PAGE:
Last year when Stephen & I interned at Jade Family Farm, we learned A LOT about farming. We also learned, thanks to Hannah, about canning. Hannah taught us how to make & can strawberry jam and it was all uphill (in a good way) from there. Last summer, we canned jam, tomato sauce, pickles, and peppers. It’s one of the most rewarding of kitchen activities. Taking the freshest, seasonal produce and capturing the pinnacle of its flavor & nutrition to eat anytime you want… MAGIC.
This particular recipe is a variation of the pickle recipe used by Hannah’s father. I can’t believe I’m sharing it with you.
The Story of Spicy Honey Pickles
Let me begin by admitting I’ve always disliked bread & butter pickles. I find them cloyingly sweet and bizarrely flavored. Dill pickles, on the other hand, won my heart long ago. With their crisp, savory, garlicky saltiness. Sliced up & layered on juicy black bean burgers. Cut into spears and laid next to a homemade sandwich. Stolen from the fridge as a late night snack. I was faithful to Dill Pickles for 23 years. It’s true.
But everything changed when we visited Hannah’s old place in Reedsville one weekend & tasted the WORLD’S BEST PICKLES ♥. Every year Hannah’s dad sends her a few jars of homemade pickles. He makes them with honey & hot peppers & pickling spice. And they are so amazing that I really want to use an expletive to describe them but that’s just not family friendly and whatnot. Not that that stops me in real life. I have a bit of a cursing problem. And now you know me a little better than you did yesterday. BACK TO THE bleeping PICKLES. She shared one of these jewels right out of the jar with me. She may even have let me eat two. I couldn’t believe her generosity. If her dad sent me only two jars of pickles, I would not be sharing them. I would be coveting them. I would be savoring them and using borrowed lab equipment to discover to the last detail the exact formula for making these AMAZING PICKLES.
So when it came time to use all the excess cucumbers that had grown in the fields last summer… naturally I wanted that recipe. I wanted it bad. And you know what Hannah did? She got it for me. Because she’s an angel. And her dad is a pickle genius.
So we made the pickles. Only about 6 jars. And we ate them so sparingly we only finally ate the last jar last week when Stephen had accrued a new abundance of cucumbers from this year’s harvest to turn into more pickles. To Hannah’s father, if you ever lay eyes on this, you are a pickle hero and I thank you.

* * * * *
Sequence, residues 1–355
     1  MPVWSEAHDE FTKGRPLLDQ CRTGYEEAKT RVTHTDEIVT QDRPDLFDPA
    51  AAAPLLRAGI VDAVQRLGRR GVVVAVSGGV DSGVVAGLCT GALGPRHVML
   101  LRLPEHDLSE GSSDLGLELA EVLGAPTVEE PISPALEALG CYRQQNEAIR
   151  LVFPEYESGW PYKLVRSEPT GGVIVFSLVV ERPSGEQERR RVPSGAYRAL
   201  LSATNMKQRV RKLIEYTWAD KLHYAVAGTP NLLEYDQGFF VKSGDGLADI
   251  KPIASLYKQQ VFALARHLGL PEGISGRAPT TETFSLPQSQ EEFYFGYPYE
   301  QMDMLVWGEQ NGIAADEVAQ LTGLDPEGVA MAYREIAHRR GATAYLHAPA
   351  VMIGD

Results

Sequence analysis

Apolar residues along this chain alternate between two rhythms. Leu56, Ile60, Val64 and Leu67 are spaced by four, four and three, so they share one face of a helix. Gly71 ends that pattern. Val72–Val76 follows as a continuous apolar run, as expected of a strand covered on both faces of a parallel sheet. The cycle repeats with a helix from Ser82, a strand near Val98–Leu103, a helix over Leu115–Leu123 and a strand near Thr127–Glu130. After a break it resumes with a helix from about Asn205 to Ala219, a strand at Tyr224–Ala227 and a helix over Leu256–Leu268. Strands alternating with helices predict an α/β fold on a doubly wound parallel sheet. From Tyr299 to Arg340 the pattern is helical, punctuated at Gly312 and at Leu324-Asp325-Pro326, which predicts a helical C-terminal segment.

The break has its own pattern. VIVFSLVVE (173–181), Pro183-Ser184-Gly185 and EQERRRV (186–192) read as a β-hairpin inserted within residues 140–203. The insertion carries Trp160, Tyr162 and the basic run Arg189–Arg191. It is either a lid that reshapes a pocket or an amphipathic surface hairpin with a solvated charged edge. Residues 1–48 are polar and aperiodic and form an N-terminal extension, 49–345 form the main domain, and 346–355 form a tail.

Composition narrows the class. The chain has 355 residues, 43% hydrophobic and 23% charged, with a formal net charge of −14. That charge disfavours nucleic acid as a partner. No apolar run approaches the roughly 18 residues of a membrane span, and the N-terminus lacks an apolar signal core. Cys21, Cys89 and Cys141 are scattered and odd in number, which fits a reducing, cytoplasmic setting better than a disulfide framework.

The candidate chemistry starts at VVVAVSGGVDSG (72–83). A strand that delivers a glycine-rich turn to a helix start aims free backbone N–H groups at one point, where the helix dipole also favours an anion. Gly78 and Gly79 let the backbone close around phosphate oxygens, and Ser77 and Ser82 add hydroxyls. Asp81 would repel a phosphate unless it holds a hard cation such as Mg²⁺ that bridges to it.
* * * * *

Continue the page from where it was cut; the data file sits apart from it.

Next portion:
Edit: These pickles were made from glorious, crunchy cucumbers grown at Quiet Creek Farm, the farm where Stephen is currently spending the growing season. It is peaceful and gorgeous, well-organized (essential!) and I hope to share pictures with you soon.
Have any of you spent time on a farm? Do you have a vegetable garden? What are you growing right now? Let me know what you love to grow! I’m always looking for new seeds and plants to grow and farms to visit!
Learning to preserve? I definitely recommend Put ‘Em Up: A Comprehensive Home Preserving Guide for the Creative Cook by Sherri Brooks Vinton. Sherri really goes into the fine details, offers tons of creative and delicious recipes (I’ve tried a handful – ALL fantastic), and her book provides a very accessible, polished layout. I suggest this book only as someone who has used & loved it – I do not benefit financially if you purchase it.
- 5-6 Pint Jars, Lids, and Lid Rings (depending on cuke size)
- 12 Medium Cucumbers, organic or local
- 3 Cups White Vinegar
- 1½ Cups Water
- 1½ Cups Honey
- ¼ Cup Pickling Spice (I personally prefer McCormick's for their ratio of spices)
- 6 Hot Peppers (Pepperoncini, Banana Peppers, Jalapeños) OR 1 Tablespoon Crushed Red Pepper Flakes
- Submerge the cans, lids, and lid rings in a large pot of water that covers the cans by a couple of inches. Bring to a boil. Remove from pot, pouring the hot water back into the pot, and place on a clean towel, ready to pack with cukes.
- Wash the cucumbers and trim both ends. The ends of the cucumber are most likely to harbor microbes that could affect your canned goods. Either slice the cucumbers in coins or cut lengthwise into spears.
- If using fresh hot peppers (which I highly, highly recommend) rinse and slice into rings. Do not seed or remove ribs (unless you really must).
- Pack cucumbers & peppers tightly into the jars, leaving about ½ inch room at the top.
- In a medium/large saucepan, combine vinegar, honey, water, and pickling spice (+ red pepper flakes if using instead of fresh hot peppers). Bring to a simmer. Remove from heat and pour over pickles packed in jars, leaving ¼ inch of room at the top.
- Slide a chopstick or plastic knife around the interior of the jar to release any air bubbles.
- Place lids on top of each jar and lightly tighten rings "finger tip tight." If you screw them on too tight, air will not be able to escape when processing in boiling water bath.
- Place the jars in canning basket or atop rack and gently place in the canning pot. Make sure the cans are covered by at least 2 inches of water. Bring to a rolling boil and process for 10 minutes.
- Remove the cans from the boiling water, lifting straight up (no tilting) and place on a towel to cool.
- The lids should depress sometime over the net few hours and you'll hear a light pop. Many will seal soon after removing from processing. Others will take longer. To test the seal (don't do this until the following day), press the center of the lid. If it doesn't move, a seal has formed. If the lid is not sealed, store the pickles in the fridge and eat within the next couple of weeks.
- Store your Spicy Honey Pickles in a cool, dark place & they will last for about 1 year!
Because you leave the skin on when making pickles, you want to use organic, local cucumbers. I recommend avoiding wax-coated cucumbers from the supermarket and conventionally grown cucumbers that retain pesticides in their skin.